Joint replacement therapy can give you a new lease on life with greater, pain-free mobility to enjoy a more active lifestyle. Physical therapy before, during and after a joint replacement will help you recover quicker, reduce the risk of potential complications, and help you return to your favorite activities.

Amazing Benefits of Physical Therapy to Female Athlete Triad

The Female Athlete Triad is a group of interrelated conditions that affect female athletes, particularly teenage athletes. It is widely believed that an energy imbalance is the cause, combined with competitive forces. This disrupts eating patterns and body image for female athletes. Despite the fact that this is common in athletes, several aspects of the triad are seen in non-athletes as well

The three medical conditions associated with the triad are:

  1. Disordered eating: anorexia, purging, induced vomiting
  2. Amenorrhea: adverse impact on menstrual cycles
  3. Osteoporosis: low bone mass/density


There are times when the athlete exercises excessively while the body is experiencing an energy deficit. A reduced caloric intake combined with malnutrition leads to a pattern of disordered eating.

The pressure to ‘be thin’ is compounded by a society that idolizes celebrities and pop stars. This can result in compulsive dieting and exercise. For a growing teenage athlete, bone density can be compromised if there are deficiencies in protein, vitamins and calcium. For female athletes participating in figure skating, ballet and gymnastics in particular, awareness is critical.


Coaches, parents and guardians should be aware of the following warning signs:

  • Rapid weight loss or marked leanness
  • Obsession about weight, body image and food.
  • Shin splints that don’t heal
  • Reduced participation or loss of interest in sports


Treatment involves:

  1. Prevention of compulsive dieting by working with a sports nutritionist.
  2. Increasing the strength of muscles, ligaments, bones and joints.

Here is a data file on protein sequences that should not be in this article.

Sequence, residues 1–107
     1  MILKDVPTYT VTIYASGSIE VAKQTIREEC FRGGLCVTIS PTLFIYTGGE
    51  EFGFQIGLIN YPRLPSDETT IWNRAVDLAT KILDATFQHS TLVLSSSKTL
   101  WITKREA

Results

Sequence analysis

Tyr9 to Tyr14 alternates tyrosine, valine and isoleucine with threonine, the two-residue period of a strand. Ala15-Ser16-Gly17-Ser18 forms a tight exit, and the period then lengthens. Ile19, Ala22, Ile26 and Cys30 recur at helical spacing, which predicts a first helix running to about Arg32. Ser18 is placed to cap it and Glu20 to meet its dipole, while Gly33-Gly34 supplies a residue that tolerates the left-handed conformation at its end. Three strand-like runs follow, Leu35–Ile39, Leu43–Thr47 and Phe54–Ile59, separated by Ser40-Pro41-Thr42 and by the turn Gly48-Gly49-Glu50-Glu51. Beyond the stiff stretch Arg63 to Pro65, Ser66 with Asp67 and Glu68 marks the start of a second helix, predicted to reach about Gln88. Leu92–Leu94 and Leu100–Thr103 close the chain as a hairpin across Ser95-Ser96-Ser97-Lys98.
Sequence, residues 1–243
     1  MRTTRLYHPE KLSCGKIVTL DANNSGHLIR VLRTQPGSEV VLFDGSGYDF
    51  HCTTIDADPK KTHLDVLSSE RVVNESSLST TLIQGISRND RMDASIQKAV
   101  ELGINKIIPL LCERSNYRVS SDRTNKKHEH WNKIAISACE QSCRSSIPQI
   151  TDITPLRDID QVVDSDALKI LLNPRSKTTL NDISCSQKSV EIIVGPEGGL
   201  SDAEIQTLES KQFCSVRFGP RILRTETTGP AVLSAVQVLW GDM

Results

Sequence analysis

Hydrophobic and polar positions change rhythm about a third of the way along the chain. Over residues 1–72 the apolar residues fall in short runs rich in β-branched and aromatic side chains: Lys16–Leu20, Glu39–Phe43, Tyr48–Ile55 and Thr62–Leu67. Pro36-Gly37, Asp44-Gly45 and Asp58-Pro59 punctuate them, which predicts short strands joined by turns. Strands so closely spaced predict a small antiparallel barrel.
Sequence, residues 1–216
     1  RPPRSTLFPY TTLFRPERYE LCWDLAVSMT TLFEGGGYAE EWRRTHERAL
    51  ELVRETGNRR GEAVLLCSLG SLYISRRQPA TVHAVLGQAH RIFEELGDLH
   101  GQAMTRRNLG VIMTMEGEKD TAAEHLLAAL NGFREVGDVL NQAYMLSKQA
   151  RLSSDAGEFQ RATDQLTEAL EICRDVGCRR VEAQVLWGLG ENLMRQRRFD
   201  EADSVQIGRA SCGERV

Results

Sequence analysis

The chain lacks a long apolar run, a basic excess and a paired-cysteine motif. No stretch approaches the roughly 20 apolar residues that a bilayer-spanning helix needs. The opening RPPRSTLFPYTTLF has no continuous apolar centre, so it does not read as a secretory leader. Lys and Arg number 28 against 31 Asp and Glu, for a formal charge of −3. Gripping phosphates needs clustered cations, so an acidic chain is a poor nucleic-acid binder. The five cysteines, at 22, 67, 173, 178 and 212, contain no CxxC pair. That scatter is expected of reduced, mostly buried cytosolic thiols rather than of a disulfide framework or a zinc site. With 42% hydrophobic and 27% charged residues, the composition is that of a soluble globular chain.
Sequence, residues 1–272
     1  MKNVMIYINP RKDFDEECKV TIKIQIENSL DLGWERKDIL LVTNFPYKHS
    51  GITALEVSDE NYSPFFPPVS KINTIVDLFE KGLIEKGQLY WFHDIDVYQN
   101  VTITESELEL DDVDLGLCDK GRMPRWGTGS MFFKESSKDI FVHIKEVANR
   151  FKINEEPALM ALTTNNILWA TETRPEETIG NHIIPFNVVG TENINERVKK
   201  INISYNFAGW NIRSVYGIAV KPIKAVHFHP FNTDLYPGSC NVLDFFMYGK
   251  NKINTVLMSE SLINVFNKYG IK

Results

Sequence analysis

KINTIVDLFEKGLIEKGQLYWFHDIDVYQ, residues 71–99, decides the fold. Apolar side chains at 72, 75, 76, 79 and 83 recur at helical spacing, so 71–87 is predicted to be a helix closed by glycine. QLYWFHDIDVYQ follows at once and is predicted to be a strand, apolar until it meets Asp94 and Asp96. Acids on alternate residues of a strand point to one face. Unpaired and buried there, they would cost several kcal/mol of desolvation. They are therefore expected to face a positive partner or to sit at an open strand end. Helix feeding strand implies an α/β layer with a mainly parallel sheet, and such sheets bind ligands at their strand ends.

3. Be in a progressive exercise program designed by a physical therapist.

Physical therapy for athletes begins with a detailed evaluation of the flexibility, strength, range of motion and athletic goals.

The physical therapist is a critical member of the healthcare team and works closely with a coach and athletic trainer. The physical therapist may use a combination of the following treatments:

  • Ultrasound to heal connective tissue (tendons and ligaments).
  • Manipulative therapy that includes stretching and massage.
  • Resistance training to increase muscle strength.
  • Cold compress for acute injuries and heat to relax muscular spasms.
  • Low-level laser use for muscle and connective tissue injuries.
  • Functional Electrical Stimulation to restore strength in the muscles.
  • The use of tape to support muscles and assistive devices as needed to support joints.


Physical therapy can keep young athletes healthy, strong and safe, but success begins with the right attitude towards the inner and outer self. Every physical active female should take three simple precautions to protect against the triad:

Eat healthy meals at regular intervals. Use nutritional supplementation if necessary.

Discuss menstrual irregularities (or sudden fluctuations in body weight) with your physician.

Track exercise and calorie expenditure.

An environment that makes the female athlete feel safe and comfortable encourages honest conversations that help identify underlying problems. If you suspect that someone in your family has some of the symptoms associated with the triad, seek medical attention immediately. Physical therapy is an important part of long-term treatment of this condition. In fact, physical therapy can help most individuals to live a healthy, improved quality of life. Call us today to schedule an appointment. Your success is our success.